The accompanying soundtrack is composed of hip hop, religious songs, and a Bach symphony to underline the differences and similarities of both pilgrim groups. A Coptic religious procession in the hills of Ethiopia is presented as a soulful, spiritual experience that is suddenly interjected by the beat of urban rap music. When the hypnotic effect of religious chimes gives way to harsh street music, we are inspired to consider the stark contrast between deep-rooted religious traditions and the world of hip hop and rap. Eshetu creates an intense visual effect by presenting the film in a multiscreen format, thus enhancing the play between different colours and patterns. As viewers, the overlapping and repeating images gesture towards the hybrid experience of many diasporic artists around the world. The film highlights the intersection between past and present, the religious and the secular, the ancestral and the everyday – the meeting point between two distinct cultures.

Theo Eshetu (b. 1958, London) is an artist who lives and works in Berlin.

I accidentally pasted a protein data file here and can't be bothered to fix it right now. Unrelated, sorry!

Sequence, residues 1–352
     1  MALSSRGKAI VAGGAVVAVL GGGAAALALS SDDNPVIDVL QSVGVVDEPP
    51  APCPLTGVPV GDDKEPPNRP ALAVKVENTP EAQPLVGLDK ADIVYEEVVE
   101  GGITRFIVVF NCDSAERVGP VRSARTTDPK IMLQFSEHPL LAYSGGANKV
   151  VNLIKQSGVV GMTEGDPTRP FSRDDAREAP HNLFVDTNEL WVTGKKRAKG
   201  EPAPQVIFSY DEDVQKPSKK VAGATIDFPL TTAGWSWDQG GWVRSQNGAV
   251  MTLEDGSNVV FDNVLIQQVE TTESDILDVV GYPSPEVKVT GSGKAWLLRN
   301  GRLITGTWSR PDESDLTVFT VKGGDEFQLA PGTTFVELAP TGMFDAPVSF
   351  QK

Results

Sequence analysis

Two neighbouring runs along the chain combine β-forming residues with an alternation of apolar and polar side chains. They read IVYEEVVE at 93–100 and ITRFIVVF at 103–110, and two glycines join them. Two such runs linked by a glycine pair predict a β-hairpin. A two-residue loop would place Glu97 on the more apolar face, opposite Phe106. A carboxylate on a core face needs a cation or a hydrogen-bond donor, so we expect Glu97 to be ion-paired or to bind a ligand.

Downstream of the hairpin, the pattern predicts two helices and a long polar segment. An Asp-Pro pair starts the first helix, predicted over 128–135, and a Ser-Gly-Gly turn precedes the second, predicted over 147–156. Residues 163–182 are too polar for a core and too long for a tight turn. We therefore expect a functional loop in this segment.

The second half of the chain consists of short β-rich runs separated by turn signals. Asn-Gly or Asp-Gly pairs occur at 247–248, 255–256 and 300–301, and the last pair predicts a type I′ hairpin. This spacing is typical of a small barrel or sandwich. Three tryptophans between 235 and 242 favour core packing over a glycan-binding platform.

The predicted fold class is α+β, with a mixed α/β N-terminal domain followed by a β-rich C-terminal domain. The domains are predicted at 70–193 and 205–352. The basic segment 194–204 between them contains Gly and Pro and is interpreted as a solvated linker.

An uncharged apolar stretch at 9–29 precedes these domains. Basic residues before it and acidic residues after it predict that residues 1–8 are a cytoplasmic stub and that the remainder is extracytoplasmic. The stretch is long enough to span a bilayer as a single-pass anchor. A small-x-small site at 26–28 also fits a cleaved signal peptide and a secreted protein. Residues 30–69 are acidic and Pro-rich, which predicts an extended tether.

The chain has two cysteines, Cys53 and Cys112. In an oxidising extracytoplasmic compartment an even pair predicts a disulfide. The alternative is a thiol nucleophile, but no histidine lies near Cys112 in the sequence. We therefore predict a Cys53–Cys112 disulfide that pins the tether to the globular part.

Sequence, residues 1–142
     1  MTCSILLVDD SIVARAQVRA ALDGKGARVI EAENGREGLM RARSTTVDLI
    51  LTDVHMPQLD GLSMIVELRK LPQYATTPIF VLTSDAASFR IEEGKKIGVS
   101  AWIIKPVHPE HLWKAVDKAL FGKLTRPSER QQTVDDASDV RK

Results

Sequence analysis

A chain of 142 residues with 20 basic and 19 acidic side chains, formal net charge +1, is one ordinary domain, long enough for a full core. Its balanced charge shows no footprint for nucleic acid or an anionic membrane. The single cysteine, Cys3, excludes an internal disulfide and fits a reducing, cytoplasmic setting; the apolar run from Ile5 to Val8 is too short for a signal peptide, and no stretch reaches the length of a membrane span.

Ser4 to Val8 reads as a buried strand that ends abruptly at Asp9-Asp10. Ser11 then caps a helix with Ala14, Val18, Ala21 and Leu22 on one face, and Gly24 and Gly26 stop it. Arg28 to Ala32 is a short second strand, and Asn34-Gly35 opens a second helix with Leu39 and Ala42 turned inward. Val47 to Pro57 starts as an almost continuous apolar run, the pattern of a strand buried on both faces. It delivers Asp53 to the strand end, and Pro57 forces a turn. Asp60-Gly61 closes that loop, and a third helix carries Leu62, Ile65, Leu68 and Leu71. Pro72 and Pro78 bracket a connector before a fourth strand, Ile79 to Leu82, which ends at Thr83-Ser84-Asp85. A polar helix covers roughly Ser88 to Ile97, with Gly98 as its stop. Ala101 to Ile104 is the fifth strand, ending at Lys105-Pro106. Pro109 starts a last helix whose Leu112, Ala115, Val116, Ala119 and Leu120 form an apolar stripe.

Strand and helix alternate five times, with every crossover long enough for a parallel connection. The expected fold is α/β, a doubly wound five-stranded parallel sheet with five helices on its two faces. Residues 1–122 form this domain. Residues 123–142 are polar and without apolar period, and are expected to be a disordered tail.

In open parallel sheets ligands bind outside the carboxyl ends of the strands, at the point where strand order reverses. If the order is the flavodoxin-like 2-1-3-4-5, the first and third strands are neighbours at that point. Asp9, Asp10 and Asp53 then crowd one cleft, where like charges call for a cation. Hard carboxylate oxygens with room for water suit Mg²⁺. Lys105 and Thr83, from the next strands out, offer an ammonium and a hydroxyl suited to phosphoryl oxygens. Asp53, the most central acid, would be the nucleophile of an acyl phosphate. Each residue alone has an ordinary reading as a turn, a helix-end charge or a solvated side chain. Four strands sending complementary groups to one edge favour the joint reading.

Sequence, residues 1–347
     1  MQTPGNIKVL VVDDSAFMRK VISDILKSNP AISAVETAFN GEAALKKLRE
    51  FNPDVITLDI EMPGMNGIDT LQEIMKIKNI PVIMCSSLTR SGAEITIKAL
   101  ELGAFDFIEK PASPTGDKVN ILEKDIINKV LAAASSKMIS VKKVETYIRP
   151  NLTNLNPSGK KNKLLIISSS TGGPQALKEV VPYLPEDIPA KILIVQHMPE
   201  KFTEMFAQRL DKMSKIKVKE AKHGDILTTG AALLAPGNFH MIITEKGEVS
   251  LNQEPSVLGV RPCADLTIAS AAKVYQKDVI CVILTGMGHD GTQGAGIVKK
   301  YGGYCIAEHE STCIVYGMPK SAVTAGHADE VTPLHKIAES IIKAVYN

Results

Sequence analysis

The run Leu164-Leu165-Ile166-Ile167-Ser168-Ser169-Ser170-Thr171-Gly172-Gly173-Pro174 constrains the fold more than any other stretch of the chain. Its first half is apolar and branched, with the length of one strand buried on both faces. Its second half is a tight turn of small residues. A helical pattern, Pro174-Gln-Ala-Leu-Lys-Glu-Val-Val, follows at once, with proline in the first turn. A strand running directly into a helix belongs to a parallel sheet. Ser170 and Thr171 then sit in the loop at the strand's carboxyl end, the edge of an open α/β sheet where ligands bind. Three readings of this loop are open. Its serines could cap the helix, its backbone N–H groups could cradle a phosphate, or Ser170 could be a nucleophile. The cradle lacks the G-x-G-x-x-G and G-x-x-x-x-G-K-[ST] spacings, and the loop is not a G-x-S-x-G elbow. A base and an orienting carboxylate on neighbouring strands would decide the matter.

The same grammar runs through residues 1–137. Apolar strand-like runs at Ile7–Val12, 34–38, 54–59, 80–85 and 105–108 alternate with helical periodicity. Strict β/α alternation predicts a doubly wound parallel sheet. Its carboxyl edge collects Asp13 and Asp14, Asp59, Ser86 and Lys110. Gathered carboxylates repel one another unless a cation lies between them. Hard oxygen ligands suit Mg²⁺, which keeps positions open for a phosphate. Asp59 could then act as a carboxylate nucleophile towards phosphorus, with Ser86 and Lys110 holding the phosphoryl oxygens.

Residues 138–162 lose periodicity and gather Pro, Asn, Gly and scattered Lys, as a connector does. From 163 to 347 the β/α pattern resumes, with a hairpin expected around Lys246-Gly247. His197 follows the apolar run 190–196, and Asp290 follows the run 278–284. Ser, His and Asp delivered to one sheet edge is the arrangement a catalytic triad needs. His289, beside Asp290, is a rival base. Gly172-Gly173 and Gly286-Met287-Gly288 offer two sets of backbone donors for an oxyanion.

A History of Stone, Origin and Myth (2016)

Within the shifting political and cultural landscape of 2016, the work is a non-narrative essay film that draws unlikely connections between the creation of monuments, the material of stone, and the creation of memory and power. Shaped within the turbulent transition from the colonial to the postcolonial, and from the national to post-national, the film explores the space between individual memory and national history through the lens of political monuments found throughout Ireland that relate to the Irish rebellion, the 1916 Easter Rising, and the foundation of the state. Despite the mundane and often unnoticed appearance of these monuments within the contemporary landscape, the cultural contestations that these sculptural edifices represent do not end once they are created. These monuments exist as public representations of political power and cultural authority, providing visual allegories of the attempt to carve collective memory into certain histories, often through the forgetting or erasing of other histories.